There are certain times when you’ll need to carry a scooter in a van (and no I’m not talking about those people who can’t be bothered to ride them to the Isle of Wight, or various other events). There are also times where being able to support a scooter off the stand in a garage is useful. That’s where a wheel chock comes in handy.
I’ve been shifting scooters like this for a few years since I discovered wheel chocks whilst working at MSC. I bought one from eBay for my own van but like most, it’s designed for larger wheeled bikes so it’s not perfect, the forks can rub against the frame and the wheel doesn’t sit in the cradle as well as it should. Luckily metal magician, Jon Betts of JB Fabrication has started making scooter specific wheel stands. They fit classic scooters perfectly and the front clamp can be adjusted to accommodate wheels from 8″-12″.
If you’ve ever had to put a broken down scooter in a van (I’m sure we all have) then you’ll know it’s a hassle to get it loaded securely. If you’re not used to it it can take 15 minutes or more to try your best to strap it down, and even then there’s every chance it’ll move in transit… or in the back of your Transit.
How to load a scooter properly
Using a wheel chock turns the job of loading a van into a simple 1-minute operation, here’s how:
- Simply wheel the scooter into the van (having a folding ramp is the best way to do that, from £47.99 on eBay), and roll your front wheel into the wheel stand. The pivoting chock rolls forward clamping your wheel into the stand. Simple.
- Don’t put your scooter on the centre stand.
- I use two strap loops to loop over each handlebar grip, you can buy them for £3.95 on eBay. Simply loop those through themselves over the bars to form a kind of noose.
- Then use two hooked straps, either ratchet type, or I prefer the simple buckle type straps (again eBay or a local car shop). One strap either side through the loops and down to your securing points in the van.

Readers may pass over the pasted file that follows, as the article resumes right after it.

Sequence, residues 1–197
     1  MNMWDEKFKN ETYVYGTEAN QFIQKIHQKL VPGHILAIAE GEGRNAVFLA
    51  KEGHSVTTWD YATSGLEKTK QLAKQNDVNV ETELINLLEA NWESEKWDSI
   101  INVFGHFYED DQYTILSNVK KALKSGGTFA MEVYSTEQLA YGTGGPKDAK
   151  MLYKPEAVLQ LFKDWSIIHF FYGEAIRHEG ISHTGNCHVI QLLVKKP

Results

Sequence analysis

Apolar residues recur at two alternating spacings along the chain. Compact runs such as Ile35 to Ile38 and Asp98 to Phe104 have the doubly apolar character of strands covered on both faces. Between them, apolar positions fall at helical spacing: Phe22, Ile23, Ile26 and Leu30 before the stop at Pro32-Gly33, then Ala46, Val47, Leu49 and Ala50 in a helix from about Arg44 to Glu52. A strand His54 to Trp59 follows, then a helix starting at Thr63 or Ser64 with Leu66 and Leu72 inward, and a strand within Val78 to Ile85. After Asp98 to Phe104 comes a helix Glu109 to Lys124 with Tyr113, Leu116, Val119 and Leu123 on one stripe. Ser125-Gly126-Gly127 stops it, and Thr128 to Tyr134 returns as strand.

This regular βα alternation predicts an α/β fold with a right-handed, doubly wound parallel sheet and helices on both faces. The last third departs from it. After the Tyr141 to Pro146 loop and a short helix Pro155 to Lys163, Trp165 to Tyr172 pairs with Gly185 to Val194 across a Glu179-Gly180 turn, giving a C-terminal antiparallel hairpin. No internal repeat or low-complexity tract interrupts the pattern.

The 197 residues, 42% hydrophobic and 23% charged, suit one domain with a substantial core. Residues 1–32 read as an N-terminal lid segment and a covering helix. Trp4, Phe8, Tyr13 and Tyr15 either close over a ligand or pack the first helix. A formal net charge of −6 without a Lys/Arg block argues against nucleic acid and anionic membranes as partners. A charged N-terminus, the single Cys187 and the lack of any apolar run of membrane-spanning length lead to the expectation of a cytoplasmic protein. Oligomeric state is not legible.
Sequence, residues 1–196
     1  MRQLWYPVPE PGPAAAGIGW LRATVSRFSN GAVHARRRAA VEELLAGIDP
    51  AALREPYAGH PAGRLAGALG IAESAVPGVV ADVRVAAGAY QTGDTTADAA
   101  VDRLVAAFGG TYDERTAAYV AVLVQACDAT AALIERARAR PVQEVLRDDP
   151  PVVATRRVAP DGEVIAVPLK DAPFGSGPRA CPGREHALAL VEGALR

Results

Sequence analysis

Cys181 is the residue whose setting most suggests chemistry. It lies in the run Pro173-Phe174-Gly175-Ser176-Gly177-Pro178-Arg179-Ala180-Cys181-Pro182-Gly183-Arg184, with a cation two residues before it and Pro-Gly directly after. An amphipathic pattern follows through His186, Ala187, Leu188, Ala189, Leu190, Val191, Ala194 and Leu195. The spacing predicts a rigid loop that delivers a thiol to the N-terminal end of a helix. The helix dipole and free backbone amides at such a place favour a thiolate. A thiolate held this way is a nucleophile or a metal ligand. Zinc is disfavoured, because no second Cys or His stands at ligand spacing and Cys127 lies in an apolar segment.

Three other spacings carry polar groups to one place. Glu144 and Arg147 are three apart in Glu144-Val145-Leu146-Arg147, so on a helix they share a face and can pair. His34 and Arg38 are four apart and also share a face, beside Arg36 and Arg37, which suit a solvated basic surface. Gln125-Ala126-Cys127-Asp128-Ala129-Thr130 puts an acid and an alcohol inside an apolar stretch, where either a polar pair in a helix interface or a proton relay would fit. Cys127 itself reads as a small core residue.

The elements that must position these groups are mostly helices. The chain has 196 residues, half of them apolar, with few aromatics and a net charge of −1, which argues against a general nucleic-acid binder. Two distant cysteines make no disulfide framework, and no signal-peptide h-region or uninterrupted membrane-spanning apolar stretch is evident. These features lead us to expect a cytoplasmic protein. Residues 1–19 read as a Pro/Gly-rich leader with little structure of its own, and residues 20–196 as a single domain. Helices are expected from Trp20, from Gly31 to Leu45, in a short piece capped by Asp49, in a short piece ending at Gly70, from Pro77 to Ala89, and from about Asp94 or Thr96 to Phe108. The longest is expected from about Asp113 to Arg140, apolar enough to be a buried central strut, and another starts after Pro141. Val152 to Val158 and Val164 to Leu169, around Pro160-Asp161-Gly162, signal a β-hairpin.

- There’s no need to go mad when tightening the straps, you need to just compress the front suspension and make sure the scooter remains upright when tightening. Overtightening can risk snapping handlebars.
- Check for side to side movement and if you’re happy that’s it, job done.
It’s not for balancing
The clamp isn’t designed to support the scooter on its own though (without straps), it’ll tip over, although it has holes pre-drilled into the base so you can drill it into a garage floor, or fix to your van floor so that it can’t tip sideways. I’ve never actually fitted either of my clamps to the van floor but it is worth doing for extra stability and I’ve also used a strip of double-sided foam tape to stop the metal sliding on my van floor.
Seconds after taking the first photo, this happened. We were heading to Ibiza on the scooter the day afterwards, luckily I got away lightly with a broken front brake lever. Don’t use it as a standalone scooter stand, that’s not what it’s designed for.
JB Fabrication SLUK offer
Jon is offering SLUK readers free postage on scooter stands if you mention SLUK. They cost £60 and you can email him on JBFabrication69@aol.com, phone him on 06810 652929 or visit his JB Fabrication Facebook page.
New products always in development…